Don’t blame Singapore investors for Hyflux loss: Andy Mukherjee

11-Apr-2019 Intellasia | Bloomberg | 6:00 AM Print This Post

If success has many fathers, failure in financial markets is no orphan either: It almost always ends up in the lap of retail investors.

In Hyflux Ltd, there are 34,000 of these moms and pops, set to lose most if not all of the S$900 million ($665.5 million) they plonked down in the troubled Singaporean water and power firm’s preference and perpetual shares.

Those securities are in dire straits after Hyflux last week scrapped an accord with SM Investments Pte.(1) The closely held venture of Indonesian tycoons Anthony Salim and Arifin Panigoro had agreed last year to infuse S$530 million to rescue the cash-strapped Singapore firm in exchange for a majority stake. The white knight was at least offering to pay the junior debt holders 10 percent; with SM departing and liquidation looming, the perpetual securities are trading below 5 cents on the dollar.

This is the way capitalism works, the aggrieved investors are being reminded. Their demand that the Singapore government should step in has been a nonstarter, even after some of them even organised a rare protest at the city’s Speaker’s Corner to try to squeeze out a better deal. I supported nationalisation last year because of the strategic importance of Hyflux’s Tuaspring desalination plant to the island-city that lacks enough fresh water of its own.

But the moment has passed. Why saddle taxpayers with liabilities when the desalination asset can be theirs anyway, minus an accompanying power-generation unit? (The 411-megawatt plant, which bled in an oversupplied electricity market, has been the key reason behind the firm’s unraveling). Singapore’s water agency PUB has said it will take over the desalination unit at zero cost, and tear up the water purchase agreement with the private firm, if defaults aren’t resolved.

Investors are only human, so they need to blame someone or something such as the ATM for letting them buy Hyflux’s junior debt with a couple of easy clicks. But there aren’t many voices of sympathy. Stefanie Yuen Thio, a prominent city lawyer cited by the Business Times, says the real problem is that while “Singapore’s securities market has grown in sophistication and complexity, the Singapore retail investor has not kept up.”

Naivete, though, is only a part of the story. The fact that the securities are unrated gets a lonely mention at the end of page 19 in the 2016 offer document. By contrast, the information that the perpetuals can be ordered on an ATM, and via web and mobile, adorns the front page. The low-rate environment, too, made mistakes inevitable. The 2016 Hyflux perps promised a 6 percent coupon, when 30-year Singapore government bonds yielded 2.5 percent. It promised a step-up in 2020 in case the four-year Singapore dollar swap offer rate rose as global interest rates normalised. How many retail investors even know what that benchmark is?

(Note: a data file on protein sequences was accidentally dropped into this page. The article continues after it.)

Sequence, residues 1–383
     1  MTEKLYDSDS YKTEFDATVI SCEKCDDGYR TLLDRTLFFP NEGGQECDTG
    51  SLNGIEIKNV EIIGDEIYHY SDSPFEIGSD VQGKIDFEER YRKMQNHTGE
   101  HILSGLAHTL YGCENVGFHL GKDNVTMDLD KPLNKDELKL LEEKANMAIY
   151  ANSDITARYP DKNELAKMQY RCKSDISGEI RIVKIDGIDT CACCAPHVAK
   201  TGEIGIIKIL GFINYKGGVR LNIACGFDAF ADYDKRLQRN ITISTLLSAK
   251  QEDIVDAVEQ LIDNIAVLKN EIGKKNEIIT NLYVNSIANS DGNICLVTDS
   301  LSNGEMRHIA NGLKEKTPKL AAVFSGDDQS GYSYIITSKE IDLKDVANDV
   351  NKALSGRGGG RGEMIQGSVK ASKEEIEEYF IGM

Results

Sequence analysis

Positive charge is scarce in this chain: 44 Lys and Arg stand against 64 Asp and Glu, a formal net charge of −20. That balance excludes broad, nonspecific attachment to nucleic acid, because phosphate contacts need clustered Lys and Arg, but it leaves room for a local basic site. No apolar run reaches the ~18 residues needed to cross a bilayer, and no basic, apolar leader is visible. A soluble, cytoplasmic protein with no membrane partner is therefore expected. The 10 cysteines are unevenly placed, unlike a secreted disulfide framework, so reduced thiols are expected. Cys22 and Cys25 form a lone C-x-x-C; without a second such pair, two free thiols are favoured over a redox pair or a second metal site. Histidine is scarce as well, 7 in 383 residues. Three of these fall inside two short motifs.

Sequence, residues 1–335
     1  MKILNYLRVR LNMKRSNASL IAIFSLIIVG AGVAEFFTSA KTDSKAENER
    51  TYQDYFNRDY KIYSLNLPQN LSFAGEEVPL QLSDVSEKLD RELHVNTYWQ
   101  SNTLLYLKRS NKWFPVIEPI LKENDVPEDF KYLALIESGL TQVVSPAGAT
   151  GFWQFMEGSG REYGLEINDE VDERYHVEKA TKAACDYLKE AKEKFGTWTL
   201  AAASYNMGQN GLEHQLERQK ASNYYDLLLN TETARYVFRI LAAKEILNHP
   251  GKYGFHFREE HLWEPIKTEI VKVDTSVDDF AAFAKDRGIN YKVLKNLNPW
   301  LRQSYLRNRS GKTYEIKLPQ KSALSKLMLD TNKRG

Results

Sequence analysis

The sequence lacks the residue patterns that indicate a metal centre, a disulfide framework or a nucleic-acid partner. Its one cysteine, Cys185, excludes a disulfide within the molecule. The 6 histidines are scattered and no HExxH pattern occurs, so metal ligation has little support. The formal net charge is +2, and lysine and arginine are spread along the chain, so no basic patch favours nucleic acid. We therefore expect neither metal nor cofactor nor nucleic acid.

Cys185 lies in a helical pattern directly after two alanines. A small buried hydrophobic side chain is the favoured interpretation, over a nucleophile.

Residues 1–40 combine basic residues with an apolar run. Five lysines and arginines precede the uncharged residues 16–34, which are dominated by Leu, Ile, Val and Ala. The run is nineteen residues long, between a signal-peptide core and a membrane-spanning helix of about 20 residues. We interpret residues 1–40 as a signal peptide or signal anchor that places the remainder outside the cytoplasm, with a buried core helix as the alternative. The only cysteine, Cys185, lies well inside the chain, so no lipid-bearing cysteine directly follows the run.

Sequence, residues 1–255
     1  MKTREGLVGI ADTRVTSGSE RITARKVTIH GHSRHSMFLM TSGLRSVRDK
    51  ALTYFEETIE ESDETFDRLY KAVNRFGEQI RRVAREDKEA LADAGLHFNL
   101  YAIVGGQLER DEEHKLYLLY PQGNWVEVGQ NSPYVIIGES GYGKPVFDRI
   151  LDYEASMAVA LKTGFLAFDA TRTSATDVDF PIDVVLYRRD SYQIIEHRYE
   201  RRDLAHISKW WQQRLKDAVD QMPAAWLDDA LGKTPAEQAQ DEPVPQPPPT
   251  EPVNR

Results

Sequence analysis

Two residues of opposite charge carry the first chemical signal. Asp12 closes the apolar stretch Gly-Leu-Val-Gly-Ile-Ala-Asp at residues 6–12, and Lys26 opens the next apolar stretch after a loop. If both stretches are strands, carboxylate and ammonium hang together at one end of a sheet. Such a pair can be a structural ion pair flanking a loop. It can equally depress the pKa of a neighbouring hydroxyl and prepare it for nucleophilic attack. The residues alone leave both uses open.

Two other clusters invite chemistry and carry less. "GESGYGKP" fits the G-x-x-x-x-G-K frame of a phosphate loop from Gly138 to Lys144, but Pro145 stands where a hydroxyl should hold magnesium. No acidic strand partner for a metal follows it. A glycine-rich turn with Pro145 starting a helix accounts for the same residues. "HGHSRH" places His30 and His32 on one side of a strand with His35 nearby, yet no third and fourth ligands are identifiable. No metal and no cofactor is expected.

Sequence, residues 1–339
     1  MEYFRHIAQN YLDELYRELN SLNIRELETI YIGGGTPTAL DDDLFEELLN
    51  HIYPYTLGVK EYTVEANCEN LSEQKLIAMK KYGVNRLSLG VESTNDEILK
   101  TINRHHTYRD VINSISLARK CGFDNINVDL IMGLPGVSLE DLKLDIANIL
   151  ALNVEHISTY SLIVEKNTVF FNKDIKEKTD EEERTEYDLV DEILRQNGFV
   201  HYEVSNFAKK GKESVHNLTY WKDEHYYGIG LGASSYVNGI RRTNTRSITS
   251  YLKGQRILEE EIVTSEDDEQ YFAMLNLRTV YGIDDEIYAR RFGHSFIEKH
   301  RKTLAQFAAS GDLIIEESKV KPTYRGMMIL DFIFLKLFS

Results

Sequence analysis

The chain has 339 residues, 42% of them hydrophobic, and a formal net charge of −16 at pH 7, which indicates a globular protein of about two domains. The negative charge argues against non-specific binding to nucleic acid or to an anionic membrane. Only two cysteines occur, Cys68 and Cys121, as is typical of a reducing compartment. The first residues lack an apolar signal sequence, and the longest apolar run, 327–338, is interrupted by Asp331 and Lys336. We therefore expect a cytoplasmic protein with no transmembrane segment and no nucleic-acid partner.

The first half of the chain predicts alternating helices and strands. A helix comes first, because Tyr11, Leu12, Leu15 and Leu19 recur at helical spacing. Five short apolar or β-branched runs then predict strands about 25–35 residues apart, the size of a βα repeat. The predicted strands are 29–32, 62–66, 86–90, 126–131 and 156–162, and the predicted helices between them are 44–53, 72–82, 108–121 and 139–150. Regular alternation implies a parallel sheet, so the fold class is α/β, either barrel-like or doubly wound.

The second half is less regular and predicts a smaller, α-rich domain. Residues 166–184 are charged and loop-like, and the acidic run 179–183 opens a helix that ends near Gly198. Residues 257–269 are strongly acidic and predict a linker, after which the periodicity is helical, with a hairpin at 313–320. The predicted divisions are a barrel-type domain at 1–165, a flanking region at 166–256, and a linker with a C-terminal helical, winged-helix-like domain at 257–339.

“Due to very low rates and yields in the past five years, Singapore investors, both institutional and retail, have sometimes opted for riskier bonds to increase cash returns,” says S&P Global Ratings analyst Bertrand Jabouley. In an ageing society like Singapore, it’s not uncommon for retail investors to have targets for cash returns.

The Monetary Authority of Singapore told Bloomberg News that it hasn’t uncovered any impropriety by DBS Group Holdings Ltd, the city’s biggest bank that arranged the sale of its securities in May 2016. “All investments carry risks,” the MAS said.

They sure do, and risk factors mention them. “The Group is a new entrant to the power business,” says page 35 of the Hyflux offer document. But is that a fair warning for a S$916 million asset impairment in the first nine months of 2018?

Hyflux was a homegrown success. Temasek Holdings Pte., the state investment firm, had a stake in it in the early 2000s. “Local companies with strong capabilities are building, expanding, gaining a march on their competitors, like Hyflux,” Singapore prime minister Lee Hsien Loong said in his national day rally speech in 2009. In 2011, CEO Olivia Lum became the first woman to win the Ernst & Young World Entrepreneur of the Year award. She did business in Algeria, Saudi Arabia, Egypt and Oman.

Nobody is denying those successes. But Hyflux shouldn’t have been allowed anywhere near yield-starved Singapore retail investors in 2016. S&P says that “numbers at that time already suggested that the company’s capital structure was hardly sustainable, with a ratio of net debt to Ebitda above 10x in 2015 and negative Ebitda in 2014, driven by performance issues at the company’s Tuaspring desalination and power plant.”

The loss may be investors’ to nurse, but neither their gullibility nor greed is entirely to blame for it.

(1.) Hyflux says the Indonesians’ repeated refusal to commit to the restructuring agreement led to its termination; SM Investments blames delays in disclosure by Hyflux for holding up allocation of rescue funds between working capital and settlement payments to creditors.


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